Common name: Citicoline
Synonyms: cytidine 5'-diphosphocholine, CDP-choline, Citicholine
Active ingredients: Citicoline
CAS NO.: 987-78-0
Molecular Formula: C14H26N4O11P2
Molecular Weight: 488.32
Main Specifications: 98%
Test method: HPLC
Appearance: White powder
Heavy Metals: NMT10ppm
Residual solvent: Conform to USP39, EP8.0
Packing: 1, 5, 10, 20KG/ aluminum bags or fiber drums
Storage: Store in cool and dry place and keep away from strong direct light and heat
Shelf Life: Two years when properly stored
Citicoline is a nutrient that is particularly important for brain health and healthy cognition. Or, rather, it is a precursor to both acetylcholine and phosphatidylcholine, both of which are vital compounds for the brain.
Acetylcholine is a neurotransmitter. Neurotransmitters are signaling molecules that aid and enable basic cognitive functions. Phosphatidylcholine, meanwhile, is a phospholipid. This means that it is a fatty acid containing molecule. It is key for maintaining cell membrane health.
Benefits of Citicoline
1. Cognitive Enhancement.
Cognition tends to decline with aging, due to reduced brain blood flow or other causes. A review of 14 clinical trials concluded that CDP-choline could improve memory and behavior in people with mild to moderate cognitive impairment, including those with poor brain circulation.
According to the data from over 2,800 older patients, memory problems disappeared in 21% and improved in 45% of the cases upon receiving citicoline. This study lacked a placebo control so we should take the results with a grain of salt.
In two clinical trials on 135 healthy adults, citicoline (250-500 mg) improved focus and mental clarity.
A beverage with caffeine and CDP-choline (250 mg) enhanced cognition and reduced reaction times in 60 volunteers. Caffeine is a known stimulant and it likely contributed to the results.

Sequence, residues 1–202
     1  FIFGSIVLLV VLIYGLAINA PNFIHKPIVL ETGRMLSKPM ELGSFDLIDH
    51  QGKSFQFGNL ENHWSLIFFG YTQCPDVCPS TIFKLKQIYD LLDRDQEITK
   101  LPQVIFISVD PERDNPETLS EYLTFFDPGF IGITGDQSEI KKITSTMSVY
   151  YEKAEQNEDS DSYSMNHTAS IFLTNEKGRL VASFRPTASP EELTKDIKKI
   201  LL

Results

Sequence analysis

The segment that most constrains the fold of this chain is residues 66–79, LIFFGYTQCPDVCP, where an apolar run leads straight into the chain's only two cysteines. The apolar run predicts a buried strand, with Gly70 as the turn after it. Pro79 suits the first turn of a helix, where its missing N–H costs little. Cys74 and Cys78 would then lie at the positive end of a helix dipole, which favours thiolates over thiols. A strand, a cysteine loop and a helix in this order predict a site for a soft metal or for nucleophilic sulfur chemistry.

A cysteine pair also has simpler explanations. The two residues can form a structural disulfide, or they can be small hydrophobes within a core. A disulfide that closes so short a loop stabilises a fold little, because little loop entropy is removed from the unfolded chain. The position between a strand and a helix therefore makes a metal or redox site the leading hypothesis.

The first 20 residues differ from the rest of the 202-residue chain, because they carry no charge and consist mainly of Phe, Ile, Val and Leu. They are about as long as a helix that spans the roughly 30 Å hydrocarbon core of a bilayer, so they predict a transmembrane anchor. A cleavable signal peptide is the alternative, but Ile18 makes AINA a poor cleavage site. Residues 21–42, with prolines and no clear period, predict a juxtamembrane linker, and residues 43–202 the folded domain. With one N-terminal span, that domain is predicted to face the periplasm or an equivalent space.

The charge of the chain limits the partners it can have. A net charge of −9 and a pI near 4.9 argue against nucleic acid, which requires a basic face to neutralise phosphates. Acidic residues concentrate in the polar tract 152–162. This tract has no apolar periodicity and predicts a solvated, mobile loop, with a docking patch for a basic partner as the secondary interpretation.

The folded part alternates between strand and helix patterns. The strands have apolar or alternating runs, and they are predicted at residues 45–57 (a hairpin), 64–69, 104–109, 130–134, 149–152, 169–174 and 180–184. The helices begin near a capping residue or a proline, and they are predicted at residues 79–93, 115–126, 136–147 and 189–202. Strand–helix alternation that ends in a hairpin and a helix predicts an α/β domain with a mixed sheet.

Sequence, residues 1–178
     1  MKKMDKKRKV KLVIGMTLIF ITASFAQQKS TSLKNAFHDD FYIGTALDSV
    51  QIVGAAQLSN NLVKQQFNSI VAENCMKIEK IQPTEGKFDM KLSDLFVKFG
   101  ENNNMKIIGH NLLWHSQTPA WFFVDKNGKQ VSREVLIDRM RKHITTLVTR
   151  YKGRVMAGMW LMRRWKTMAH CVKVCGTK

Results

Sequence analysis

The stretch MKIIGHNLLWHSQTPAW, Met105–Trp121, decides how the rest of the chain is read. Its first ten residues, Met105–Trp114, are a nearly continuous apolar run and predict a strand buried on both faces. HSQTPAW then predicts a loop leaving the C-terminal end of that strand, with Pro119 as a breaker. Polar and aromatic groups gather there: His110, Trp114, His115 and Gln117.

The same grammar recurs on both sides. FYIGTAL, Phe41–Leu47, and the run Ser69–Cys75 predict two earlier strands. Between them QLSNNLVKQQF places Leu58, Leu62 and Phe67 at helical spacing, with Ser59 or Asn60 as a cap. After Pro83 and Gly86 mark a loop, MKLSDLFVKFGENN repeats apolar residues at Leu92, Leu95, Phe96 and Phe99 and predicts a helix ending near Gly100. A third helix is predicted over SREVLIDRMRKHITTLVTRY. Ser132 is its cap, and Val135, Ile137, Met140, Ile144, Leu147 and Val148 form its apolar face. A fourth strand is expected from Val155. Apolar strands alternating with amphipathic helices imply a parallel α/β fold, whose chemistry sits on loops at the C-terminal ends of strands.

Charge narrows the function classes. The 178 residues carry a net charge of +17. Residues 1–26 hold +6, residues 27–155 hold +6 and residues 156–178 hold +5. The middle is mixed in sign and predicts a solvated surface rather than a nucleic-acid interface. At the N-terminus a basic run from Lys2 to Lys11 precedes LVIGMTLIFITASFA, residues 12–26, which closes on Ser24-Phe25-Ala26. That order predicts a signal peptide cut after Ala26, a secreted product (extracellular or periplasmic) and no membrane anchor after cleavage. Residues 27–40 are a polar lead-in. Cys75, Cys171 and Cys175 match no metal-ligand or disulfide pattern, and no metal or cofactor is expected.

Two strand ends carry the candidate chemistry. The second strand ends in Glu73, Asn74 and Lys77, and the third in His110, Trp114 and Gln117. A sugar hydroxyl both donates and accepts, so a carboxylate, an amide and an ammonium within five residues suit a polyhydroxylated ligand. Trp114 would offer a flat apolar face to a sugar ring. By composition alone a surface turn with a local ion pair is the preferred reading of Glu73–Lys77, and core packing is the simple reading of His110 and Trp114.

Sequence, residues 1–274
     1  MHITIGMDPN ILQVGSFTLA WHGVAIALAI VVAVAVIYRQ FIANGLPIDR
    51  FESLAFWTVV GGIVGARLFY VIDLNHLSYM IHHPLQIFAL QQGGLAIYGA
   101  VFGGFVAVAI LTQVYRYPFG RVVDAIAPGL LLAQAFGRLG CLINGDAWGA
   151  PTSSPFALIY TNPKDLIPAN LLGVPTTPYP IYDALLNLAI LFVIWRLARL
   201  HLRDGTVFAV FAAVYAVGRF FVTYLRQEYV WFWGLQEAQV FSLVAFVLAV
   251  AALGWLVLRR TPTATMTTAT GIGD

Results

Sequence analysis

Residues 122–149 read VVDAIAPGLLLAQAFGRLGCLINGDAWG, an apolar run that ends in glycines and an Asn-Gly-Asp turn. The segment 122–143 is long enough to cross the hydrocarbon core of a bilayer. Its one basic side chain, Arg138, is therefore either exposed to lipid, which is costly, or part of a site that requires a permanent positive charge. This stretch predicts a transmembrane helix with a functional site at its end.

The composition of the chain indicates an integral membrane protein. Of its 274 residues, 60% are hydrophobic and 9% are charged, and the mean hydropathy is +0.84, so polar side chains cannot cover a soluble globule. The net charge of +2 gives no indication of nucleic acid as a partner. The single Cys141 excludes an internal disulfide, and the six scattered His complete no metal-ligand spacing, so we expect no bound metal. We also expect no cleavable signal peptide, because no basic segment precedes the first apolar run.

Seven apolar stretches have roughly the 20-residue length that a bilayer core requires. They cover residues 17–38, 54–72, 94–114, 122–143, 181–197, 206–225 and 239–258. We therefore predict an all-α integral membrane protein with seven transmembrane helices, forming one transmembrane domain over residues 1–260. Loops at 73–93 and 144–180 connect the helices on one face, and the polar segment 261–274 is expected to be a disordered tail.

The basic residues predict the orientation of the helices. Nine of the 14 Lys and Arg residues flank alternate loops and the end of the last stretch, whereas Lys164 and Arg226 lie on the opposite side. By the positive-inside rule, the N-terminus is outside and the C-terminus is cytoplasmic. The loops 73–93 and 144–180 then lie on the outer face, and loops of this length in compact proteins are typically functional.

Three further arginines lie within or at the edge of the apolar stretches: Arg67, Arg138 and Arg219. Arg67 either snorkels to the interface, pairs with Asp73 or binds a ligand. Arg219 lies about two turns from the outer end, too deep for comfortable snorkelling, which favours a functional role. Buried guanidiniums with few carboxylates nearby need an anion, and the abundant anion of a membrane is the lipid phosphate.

2. Enhance Stroke Recovery.
Cut blood supply to a specific brain region can kill the neurons and inflict massive brain damage. Citicoline may help by strengthening nerve membranes and blocking free radical production.
According to a meta-analysis of 4 clinical trials (1,300+ patients), citicoline at 2,000 mg within the first 24 h after a stroke increases the chance of complete recovery by 38%.
The data from over 4,000 stroke survivors reveal that citicoline improves the outcomes and aids in recovery; higher doses (2,000 – 4,000 mg) were more effective. The lack of placebo control in this study doesn’t allow for definite conclusions.
3. Improve vision Problems.
Just like it shields the nerves in the brain and spinal cord, citicoline may have the same beneficial effects on the optic nerve. It may reverse the damage of neurons in your retina and help with eye disorders such as: Glaucoma, Amblyopia, Optic neuropathy.
Increased eye pressure and other factors can damage the optic nerve and cause glaucoma, sometimes even leading to total blindness.
In two clinical trials with 80 glaucoma patients, long-term treatment with oral citicoline repaired nerve damage, improved eyesight, and slowed down disease progression.
Eye drops with citicoline showed the same results in another two clinical trials (68 patients).
Amblyopia or “lazy eye” occurs when the eye and brain don’t communicate well. It results in blurry vision in one eye.
Oral citicoline improved standard lazy eye treatment (eye patching) in three clinical trials with 190 children.
Injections with CDP-choline (1,000 mg daily) healed the optic nerve and improved vision in 10 adults with amblyopia. This study had a tiny sample and lacked a placebo control, making the results questionable.
Optic neuropathy is another form of optic nerve damage that may hinder your eyesight. In 26 patients with optic neuropathy, citicoline (1,600 mg/day for 2 months) sharpened vision by repairing nerve damage.